Carle Wheeler was doing what one does on a vacation in the sun, hanging with her 5-year-old daughter in the pool of the hotel in Pasadena, Calif., where they were staying, when a man approached them.

The man, who is white, asked Wheeler and her daughter, who are black, if they had showered before getting into the pool, Wheeler wrote on her Facebook page, “because people carry diseases into the pools and he doesn’t want the health department to shut the pool down.”

The two moved to the other end of the pool, but he approached again and she confronted him on what appeared to be “blatant racism,” she said. He claimed he worked for the health department when she asked, Wheeler said in an interview with The Washington Post.

“I let him know that being black is not a disease and showering would not wash the BLACK off our skin,” Wheeler, 33, a software engineer and single mother from Dallas, wrote on her Facebook page. “I think it’s awful that ANY man would think it’s okay to essentially ask a woman and a little girl if we took off our clothes and scrubbed our naked bodies before getting into a hotel swimming pool.”

The incident, the end of which was captured on camera in a video that has been seen more than 2 million times, is the latest in a long line of episodes to draw scrutiny to the way black people are treated as objects of suspicion by others while engaged in seemingly quotidian activities in public. In recent months, episodes in which black people were questioned or had the police called on them — while renting an apartment through Airbnb, barbecuing, falling asleep in a common room at Yale or sitting in a Starbucks — have drawn wide attention, much of it fueled by strong emotions on social media and giving rise to the hashtag #LivingWhileBlack. Some of these incidents were resolved only after the people targeted were questioned or arrested by police.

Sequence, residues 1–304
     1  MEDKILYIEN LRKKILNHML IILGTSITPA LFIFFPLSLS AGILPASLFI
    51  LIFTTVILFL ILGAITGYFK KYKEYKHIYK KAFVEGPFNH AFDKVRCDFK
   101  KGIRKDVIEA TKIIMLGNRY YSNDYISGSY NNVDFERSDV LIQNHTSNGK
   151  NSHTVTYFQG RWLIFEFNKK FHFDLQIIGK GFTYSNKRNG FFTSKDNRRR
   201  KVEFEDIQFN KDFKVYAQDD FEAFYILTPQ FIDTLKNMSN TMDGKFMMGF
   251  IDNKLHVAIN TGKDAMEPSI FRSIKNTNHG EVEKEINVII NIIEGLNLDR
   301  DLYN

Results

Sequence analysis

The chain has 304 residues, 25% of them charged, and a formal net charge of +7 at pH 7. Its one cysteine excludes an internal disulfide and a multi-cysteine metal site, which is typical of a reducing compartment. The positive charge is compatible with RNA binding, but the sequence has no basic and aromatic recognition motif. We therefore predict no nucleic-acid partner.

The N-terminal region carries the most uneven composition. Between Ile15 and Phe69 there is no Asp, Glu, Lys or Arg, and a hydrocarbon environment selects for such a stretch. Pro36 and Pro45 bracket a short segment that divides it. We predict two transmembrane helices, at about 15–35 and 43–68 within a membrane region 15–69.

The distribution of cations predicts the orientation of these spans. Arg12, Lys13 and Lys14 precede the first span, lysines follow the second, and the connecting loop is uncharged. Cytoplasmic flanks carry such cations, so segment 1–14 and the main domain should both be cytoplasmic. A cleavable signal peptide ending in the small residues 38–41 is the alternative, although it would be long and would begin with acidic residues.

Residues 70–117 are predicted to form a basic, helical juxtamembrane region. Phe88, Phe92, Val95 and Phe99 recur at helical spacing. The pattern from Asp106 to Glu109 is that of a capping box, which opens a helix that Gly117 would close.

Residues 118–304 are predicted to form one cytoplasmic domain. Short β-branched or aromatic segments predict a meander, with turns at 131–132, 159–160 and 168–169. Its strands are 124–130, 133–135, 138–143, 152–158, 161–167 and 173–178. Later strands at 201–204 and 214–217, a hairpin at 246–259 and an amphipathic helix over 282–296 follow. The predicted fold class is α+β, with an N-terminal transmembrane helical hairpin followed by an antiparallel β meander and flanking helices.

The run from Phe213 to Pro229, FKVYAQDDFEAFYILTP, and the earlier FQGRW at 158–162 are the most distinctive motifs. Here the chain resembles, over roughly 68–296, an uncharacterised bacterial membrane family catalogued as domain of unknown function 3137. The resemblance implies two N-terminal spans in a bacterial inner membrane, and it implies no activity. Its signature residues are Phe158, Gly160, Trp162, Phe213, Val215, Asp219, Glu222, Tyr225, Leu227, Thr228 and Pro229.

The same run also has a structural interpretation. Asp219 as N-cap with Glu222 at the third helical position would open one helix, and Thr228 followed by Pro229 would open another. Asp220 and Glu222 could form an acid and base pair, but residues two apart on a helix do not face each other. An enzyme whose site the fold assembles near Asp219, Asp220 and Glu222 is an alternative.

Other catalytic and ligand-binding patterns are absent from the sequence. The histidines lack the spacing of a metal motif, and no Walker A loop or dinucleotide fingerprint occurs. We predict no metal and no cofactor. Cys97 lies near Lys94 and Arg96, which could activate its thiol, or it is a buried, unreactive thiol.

The video of the confrontation at Wheeler’s hotel begins as she and the man, who has not been identified, discuss the conflict with a woman who works at the hotel, the Westin.

“I simply asked them if they showered,” the man tells the hotel employee. “Because that’s part of the rules. And I don’t know about you guys, but I’m tired of getting into pools that people consider baths.”

“You didn’t ask anyone else,” Wheeler retorts in the video. She told The Post that there were other people in the pool area, including a white couple that had been in the hot tub nearby, whom the man had not approached.

As they were talking to the hotel employee, the man continued to taunt her young daughter, Wheeler said. The video shows the little girl being led away by a relative as the man says, “It’s only a shower, young lady. Don’t worry.” Wheeler said the man said the phrase to her daughter twice.

A hotel manager arrives and threatens to call the police, before asking the man to leave. Wheeler said she was upset that the manager let the man walk away while asking her to step to the side to talk to him, though the manager did say on the video that he planned to talk to the man later.